Publications

This is a searchable catalogue of the College's most recent books, book chapters, journal articles and working papers. The ANU College of Law also publishes a Research Paper Series on SSRN.

Civil Procedure: Commentary and Materials 4th Edition Alternative Dispute Resolution

Author(s): Molly Townes O'Brien, Kath Hall

This chapter provides an overview of the theory and practice of Alternative Dispute Resolution (ADR). It discusses the growing need for methods other than litigation to resolve disputes, and focuses upon the growth of mediation, and to a lesser extent arbitration, in Australia. Other methods of dispute resolution are also discussed.

In the context of mediation, the structure of the mediation process is outlined, and the nature of consensual dispute resolution is explained. Four of the key features of mediation, namely accessibility, voluntariness, confidentiality and facilitation are analysed. Other issues such as power imbalance, enforceability of agreements to mediate and evaluation of mediation are also discussed.

The process of arbitration is then introduced, and the requirements of the Commercial Arbitration Acts are outlined. Finally, court-annexed mediation and arbitration, and the role of the legal profession in ADR practice are discussed.

Read on SSRN

Centre: CCL, CIPL, LGDI

Research theme: Criminal Law, Human Rights Law and Policy, Law and Psychology, Law and Social Justice, Legal Education, Private Law, Regulatory Law and Policy, The Legal Profession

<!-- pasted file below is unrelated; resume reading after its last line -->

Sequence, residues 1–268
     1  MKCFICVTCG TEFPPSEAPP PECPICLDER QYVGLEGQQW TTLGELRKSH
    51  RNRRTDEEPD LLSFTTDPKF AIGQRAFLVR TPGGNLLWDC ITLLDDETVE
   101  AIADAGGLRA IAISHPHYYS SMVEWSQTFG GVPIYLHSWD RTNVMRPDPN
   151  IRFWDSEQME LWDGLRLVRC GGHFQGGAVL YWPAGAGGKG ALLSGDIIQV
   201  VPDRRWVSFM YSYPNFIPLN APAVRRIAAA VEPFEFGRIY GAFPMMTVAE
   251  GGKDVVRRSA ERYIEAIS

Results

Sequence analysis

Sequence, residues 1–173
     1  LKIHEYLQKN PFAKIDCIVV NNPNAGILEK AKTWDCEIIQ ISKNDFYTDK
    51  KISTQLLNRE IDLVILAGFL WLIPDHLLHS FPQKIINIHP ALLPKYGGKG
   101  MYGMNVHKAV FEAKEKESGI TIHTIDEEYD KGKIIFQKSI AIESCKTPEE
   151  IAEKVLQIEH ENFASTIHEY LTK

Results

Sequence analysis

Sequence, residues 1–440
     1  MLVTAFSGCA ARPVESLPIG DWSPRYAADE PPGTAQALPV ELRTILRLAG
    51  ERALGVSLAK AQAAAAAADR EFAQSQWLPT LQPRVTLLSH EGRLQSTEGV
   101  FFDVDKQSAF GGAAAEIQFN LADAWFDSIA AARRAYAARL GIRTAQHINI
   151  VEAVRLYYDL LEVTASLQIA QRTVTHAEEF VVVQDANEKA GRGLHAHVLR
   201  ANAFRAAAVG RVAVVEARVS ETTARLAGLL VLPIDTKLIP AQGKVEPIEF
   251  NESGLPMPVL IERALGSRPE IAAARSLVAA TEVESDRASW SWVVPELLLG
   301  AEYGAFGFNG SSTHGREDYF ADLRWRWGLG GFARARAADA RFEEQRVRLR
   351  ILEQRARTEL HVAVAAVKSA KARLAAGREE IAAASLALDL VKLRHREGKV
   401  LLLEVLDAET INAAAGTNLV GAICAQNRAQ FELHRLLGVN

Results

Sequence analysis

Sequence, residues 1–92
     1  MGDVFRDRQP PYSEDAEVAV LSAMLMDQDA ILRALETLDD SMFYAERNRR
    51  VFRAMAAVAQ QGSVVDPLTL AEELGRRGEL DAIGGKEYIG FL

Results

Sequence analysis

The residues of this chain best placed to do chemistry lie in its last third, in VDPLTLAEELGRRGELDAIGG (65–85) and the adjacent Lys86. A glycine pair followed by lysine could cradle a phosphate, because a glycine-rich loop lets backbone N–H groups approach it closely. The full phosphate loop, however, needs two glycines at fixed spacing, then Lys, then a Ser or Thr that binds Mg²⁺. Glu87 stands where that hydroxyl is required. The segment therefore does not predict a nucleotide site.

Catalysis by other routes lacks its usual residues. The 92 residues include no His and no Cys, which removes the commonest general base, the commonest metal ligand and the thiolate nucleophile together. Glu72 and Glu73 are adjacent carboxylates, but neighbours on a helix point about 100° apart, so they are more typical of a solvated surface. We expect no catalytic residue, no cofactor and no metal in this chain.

Civil Procedure: Commentary and Materials 4th Edition Alternative Dispute Resolution

Author(s): Molly Townes O'Brien, Kath Hall

This chapter provides an overview of the theory and practice of Alternative Dispute Resolution (ADR). It discusses the growing need for methods other than litigation to resolve disputes, and focuses upon the growth of mediation, and to a lesser extent arbitration, in Australia. Other methods of dispute resolution are also discussed.

In the context of mediation, the structure of the mediation process is outlined, and the nature of consensual dispute resolution is explained. Four of the key features of mediation, namely accessibility, voluntariness, confidentiality and facilitation are analysed. Other issues such as power imbalance, enforceability of agreements to mediate and evaluation of mediation are also discussed.

The process of arbitration is then introduced, and the requirements of the Commercial Arbitration Acts are outlined. Finally, court-annexed mediation and arbitration, and the role of the legal profession in ADR practice are discussed.

Read on SSRN

Centre: CCL, CIPL, LGDI

Research theme: Criminal Law, Human Rights Law and Policy, Law and Psychology, Law and Social Justice, Legal Education, Private Law, Regulatory Law and Policy, The Legal Profession

The Idea of the University and the Contemporary Legal Academy

Author(s): Margaret Thornton

In light of the contemporary moves to transform the Australian university by subjecting it to the values of the market, the traditional idea of the university is in jeopardy. Freedom to teach, the unity of teaching and research, and academic selfgovernance are key factors associated with this idea. With its primarily professional and vocational focus, law has tended to be somewhat more ambivalent than the humanities about the freedoms associated with teaching and the pursuit of knowledge. Nevertheless, a liberal legal education is an ideal to which law schools have aspired over the last two or three decades. This article argues that, after a brief flirtation with a more humanistic legal education, the market is causing a swing back to a technocratic and doctrinal approach. The article draws on key proponents of the 'idea of the university', namely, Newman, Humboldt and Jaspers to consider what light these theorists might shed on the dilemma posed by the market imperative. It is suggested that a disregard for the presuppositions of the market could be disastrous for the future of the university law school.